The Cubs and the Red Sox both have a new look. A superstar boards a plane for Chicago to don a funny-looking uniform with a number 8 on the back, and another player walks across the field from one dugout to the other. Sox fans, Twins fans, teammates and families – what must be going through their minds? We can only comment on what we know. The Nomar Garciaparra era is officially over in Boston. At the time the trade was announced, we thought it best to simply post a picture with a goodbye – what else was there to say? How did we really feel about the trade? The comments received ran from one end of the spectrum to the other – and thank you all for the thoughts over the weekend. There seem to be three sides to this story that we can figure – the business side, the reality and the emotion.

The business side is simple, it is also cold and dark. Get something in return for Nomar before he walks away. Although productive since returning from his latest injury, there are concerns that he has never been the same since the wrist injury. And his power numbers back that argument. Instead of a multi-million dollar hole in the roster and a couple of draft picks, the Red Sox now sport two additional gold-glove infielders. They have significantly shored up some holes, and with a healthy Pokey hopefully on the horizon, the team is much improved defensively.

The reality is almost as simple and a little colder and darker. Nomar was not happy and was not coming back next year. After turning down a seemingly fair 4-year, $60 million deal, things began to go sour between Sox brass and Nomar. Either he felt he was worth more, as in Jeter money, or he had already decided Boston was not in his long term plans. Then the Sox attempted an off-season history-making trade which would rid them of Manny’s contract by including Nomar in a deal that would ultimately result in A-Rod and Magglio Ordonez playing in Fenway. When that failed, the term “irreconcilable differences” took on a harsh new meaning. Both Nomar and the Sox would continue to say the right things – “its a business”, “we’ve moved on” -but this was for the benefit of the fans and the media. Neither had moved on – yet.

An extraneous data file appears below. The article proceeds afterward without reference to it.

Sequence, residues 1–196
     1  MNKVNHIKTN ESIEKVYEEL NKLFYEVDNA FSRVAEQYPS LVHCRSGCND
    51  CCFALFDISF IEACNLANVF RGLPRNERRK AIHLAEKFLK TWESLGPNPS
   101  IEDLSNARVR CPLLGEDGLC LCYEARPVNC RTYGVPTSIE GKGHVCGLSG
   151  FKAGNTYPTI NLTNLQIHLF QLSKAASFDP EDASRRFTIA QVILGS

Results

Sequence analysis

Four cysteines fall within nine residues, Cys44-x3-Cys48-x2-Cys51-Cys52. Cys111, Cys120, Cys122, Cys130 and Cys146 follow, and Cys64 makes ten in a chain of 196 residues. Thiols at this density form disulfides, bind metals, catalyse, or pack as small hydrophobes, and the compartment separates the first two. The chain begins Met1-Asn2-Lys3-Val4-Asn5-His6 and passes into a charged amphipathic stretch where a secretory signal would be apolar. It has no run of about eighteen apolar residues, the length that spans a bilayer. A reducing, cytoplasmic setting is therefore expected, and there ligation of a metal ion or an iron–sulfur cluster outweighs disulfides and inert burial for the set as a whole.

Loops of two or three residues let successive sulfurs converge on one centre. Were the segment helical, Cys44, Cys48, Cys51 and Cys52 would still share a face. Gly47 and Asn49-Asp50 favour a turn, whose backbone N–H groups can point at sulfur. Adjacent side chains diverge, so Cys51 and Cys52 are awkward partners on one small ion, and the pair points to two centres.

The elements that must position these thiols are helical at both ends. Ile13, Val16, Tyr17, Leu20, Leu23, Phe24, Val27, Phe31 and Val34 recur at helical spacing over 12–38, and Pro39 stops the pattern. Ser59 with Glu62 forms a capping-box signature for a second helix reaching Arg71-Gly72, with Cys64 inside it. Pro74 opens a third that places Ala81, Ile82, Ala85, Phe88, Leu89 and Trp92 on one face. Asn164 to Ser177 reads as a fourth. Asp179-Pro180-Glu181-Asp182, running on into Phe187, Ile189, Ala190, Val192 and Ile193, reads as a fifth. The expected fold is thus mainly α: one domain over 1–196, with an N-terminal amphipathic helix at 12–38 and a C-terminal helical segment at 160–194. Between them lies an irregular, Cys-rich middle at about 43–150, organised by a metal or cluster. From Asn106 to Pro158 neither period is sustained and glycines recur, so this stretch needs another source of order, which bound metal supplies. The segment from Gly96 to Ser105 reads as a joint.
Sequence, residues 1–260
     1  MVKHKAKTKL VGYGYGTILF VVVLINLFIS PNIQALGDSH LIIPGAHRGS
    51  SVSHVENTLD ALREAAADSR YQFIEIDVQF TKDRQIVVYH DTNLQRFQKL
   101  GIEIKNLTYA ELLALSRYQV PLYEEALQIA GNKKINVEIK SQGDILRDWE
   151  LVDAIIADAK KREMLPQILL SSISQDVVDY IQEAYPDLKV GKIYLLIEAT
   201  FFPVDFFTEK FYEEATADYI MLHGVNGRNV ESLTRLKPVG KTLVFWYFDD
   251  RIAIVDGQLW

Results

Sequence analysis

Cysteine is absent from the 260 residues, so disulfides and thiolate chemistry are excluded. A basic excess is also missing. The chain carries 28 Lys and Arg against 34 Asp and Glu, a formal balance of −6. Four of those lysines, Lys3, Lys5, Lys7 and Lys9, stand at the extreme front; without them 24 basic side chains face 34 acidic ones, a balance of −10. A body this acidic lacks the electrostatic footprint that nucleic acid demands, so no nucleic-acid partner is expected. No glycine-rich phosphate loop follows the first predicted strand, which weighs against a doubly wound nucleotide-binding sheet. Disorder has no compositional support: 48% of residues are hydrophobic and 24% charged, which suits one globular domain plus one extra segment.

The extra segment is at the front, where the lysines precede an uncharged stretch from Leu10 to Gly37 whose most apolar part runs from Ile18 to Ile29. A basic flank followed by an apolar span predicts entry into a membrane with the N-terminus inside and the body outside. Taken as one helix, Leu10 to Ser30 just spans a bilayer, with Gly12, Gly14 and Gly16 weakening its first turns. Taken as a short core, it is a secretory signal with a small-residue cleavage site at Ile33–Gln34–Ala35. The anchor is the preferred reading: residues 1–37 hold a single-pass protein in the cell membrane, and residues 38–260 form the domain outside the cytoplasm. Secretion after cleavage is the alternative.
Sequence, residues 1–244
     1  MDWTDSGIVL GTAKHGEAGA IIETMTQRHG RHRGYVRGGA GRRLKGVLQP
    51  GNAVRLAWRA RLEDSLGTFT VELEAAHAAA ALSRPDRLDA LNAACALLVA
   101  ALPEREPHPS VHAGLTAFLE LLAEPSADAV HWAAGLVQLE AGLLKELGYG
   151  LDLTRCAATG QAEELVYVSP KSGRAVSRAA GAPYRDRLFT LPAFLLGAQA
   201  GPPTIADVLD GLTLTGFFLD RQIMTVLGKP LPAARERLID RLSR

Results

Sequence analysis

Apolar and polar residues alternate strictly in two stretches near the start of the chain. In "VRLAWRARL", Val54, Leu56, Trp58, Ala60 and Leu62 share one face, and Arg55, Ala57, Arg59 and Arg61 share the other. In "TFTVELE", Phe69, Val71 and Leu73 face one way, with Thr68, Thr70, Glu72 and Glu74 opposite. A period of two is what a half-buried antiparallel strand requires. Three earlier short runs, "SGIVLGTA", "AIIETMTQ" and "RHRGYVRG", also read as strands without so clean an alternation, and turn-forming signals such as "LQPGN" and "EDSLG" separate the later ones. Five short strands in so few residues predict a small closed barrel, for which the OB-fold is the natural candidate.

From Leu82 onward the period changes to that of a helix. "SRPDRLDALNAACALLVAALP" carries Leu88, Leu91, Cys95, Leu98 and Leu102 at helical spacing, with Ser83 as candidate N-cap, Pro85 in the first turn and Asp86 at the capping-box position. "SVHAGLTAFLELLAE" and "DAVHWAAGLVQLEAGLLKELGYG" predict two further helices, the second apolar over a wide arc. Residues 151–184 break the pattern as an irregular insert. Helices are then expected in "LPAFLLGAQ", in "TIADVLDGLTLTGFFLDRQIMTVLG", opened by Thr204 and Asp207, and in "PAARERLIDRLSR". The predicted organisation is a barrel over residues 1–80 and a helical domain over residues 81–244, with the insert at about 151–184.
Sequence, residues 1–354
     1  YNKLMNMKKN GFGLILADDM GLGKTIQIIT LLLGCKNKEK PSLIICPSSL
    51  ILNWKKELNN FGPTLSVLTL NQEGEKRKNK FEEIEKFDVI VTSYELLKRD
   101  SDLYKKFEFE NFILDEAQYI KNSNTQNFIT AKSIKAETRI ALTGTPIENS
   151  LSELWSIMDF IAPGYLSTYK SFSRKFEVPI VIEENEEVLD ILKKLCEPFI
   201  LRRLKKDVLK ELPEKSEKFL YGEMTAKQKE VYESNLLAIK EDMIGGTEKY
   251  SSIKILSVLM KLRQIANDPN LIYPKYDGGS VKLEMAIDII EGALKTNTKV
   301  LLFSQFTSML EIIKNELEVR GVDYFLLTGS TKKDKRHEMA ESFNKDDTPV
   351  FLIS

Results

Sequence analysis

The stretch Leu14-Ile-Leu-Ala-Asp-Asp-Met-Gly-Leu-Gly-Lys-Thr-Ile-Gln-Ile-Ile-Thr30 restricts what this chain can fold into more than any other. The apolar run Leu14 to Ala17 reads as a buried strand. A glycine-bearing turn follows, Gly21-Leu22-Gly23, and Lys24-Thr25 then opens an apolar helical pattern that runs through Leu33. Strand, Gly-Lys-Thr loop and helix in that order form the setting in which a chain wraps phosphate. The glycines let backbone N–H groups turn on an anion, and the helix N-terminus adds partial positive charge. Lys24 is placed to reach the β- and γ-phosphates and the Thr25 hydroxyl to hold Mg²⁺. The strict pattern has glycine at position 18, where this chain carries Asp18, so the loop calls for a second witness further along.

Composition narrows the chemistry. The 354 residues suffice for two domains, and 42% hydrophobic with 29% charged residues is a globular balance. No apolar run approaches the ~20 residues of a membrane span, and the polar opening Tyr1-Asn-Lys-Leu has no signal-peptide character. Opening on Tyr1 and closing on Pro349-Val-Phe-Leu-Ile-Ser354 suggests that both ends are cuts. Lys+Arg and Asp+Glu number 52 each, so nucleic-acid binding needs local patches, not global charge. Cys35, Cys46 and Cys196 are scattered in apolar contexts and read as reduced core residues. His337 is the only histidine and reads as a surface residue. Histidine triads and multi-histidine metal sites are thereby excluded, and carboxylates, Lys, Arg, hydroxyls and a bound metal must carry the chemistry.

Emotionally – this sucks. Since joining the big club, Nomar has been the man that people identify with the Boston Red Sox. You think of Fenway or the Sox, you picture number five – Nomah. Well, now he’s number 8 and wears pinstripes, not those pinstripes, but still…it sucks. His on-field accomplishments speak for themselves, but there was more than just a great player in that uniform, there was a great human being. He was the guy that bought the big-screen TV for the homeless men at the Pine Street Inn who loved to watch the Sox games. He was the guy that went out of his way to talk to so many kids at Jimmy Fund events – not pose for a photo op or scrawl a quick autograph on a baseball – actually talk to the kids. He was the guy that Ted Williams told the world was going to be the next big thing during the unforgettable ’99 All-Star celebration.

As Red Sox Nation prepares to move forward in the post-Nomar era (which has started out 0-2 thanks to the bullpen), it will be with mixed feelings. Most fans will eventually understand that the reality of the situation led to the business decision, but who knows how it will end up? It was a career-defining move for Theo – one way or the other. For Nomar, will he be happy, will he stay with the Cubs, will he ever get a ring, or will he be the next on the list of players who leave Boston and never find what they thought they didn’t have (see Bruce Hurst, Mo Vaughn, etc)? Time will tell.

One final comment on the situation. Regardless of how you have decided to view this trade, does anybody see a side where Nomar should be sent off with anything other than cheers and thanks? To my knowledge there is only one – the CHB in Sunday’s Globe decided to take a few parting shots at Nomar – why?

Nomar said it best this weekend “you can take the shirt off my back but you can’t take away the memories”.